Yandex, The Russian multi-hyphenated internet giant, started testing his autonomous cars on the icy winter roads of Moscow more than three years ago. The goal was to create a “universal” autonomous vehicle that could maneuver safely in different cities around the world. Now Yandex claims its trials have been a resounding success. The vehicles recently reached a milestone by traveling more than 10 million kilometers (over six million miles) in autonomous mode, the majority of the distance covered in the Russian capital.
This is important because Moscow has some of the most difficult weather conditions in the world. In January alone, the city was hit by a Balkan cyclone that blanketed the streets in snow and dropped temperatures to minus 25 degrees Celsius (-13 degrees Fahrenheit). For self-driving cars – which rely on electroluminescent sensors, known as LIDAR, to track the distance between objects – snowfall and condensation can affect visibility.
To overcome the dangerous conditions, Yandex claims to have increased its LIDAR performance by implementing neural networks to filter snow from the lidar point cloud, thereby improving the clarity of objects and obstacles around the vehicle. It also provided the system with historical winter driving data to help it distinguish car exhaust fumes and condensation clouds from heater vents. To top it off, Yandex says neural “filters” can help its vehicles beat human drivers by identifying pedestrians obscured by winter haze.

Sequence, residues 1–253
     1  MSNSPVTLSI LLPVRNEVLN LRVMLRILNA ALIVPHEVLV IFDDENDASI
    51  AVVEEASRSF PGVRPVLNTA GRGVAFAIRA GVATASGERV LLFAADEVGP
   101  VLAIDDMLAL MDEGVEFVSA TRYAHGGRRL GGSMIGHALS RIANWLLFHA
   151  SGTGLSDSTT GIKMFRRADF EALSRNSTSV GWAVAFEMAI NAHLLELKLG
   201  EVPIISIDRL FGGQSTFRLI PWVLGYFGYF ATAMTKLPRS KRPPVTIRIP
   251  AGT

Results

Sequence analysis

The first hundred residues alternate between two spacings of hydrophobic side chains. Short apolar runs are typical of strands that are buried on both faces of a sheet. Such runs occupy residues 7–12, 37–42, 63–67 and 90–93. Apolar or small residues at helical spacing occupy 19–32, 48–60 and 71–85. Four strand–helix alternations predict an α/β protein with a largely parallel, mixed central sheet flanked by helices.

Driving on Moscow’s roads has also helped improve road navigation technology. The system was able to adapt to both sleet and harsher ice conditions over time, according to Yandex, allowing it to gradually make better decisions on everything from throttling to braking to shifting of track. In addition, winter conditions have caused the tracking technology built into the system to adapt to hazards such as hidden road signs and street limits and snow accumulates “building sizes”. This was made possible by live mapping, motion, position, and motion data measured by the system’s mix of sensors, accelerometers and gyroscopes.
When it launched the Moscow test in 2017, Yandex was among the first to put self-driving cars to the test in a harsh, freezing climate. But soon after, Google followed suit by taking its Waymo project in the snowy streets of Ohio and Michigan.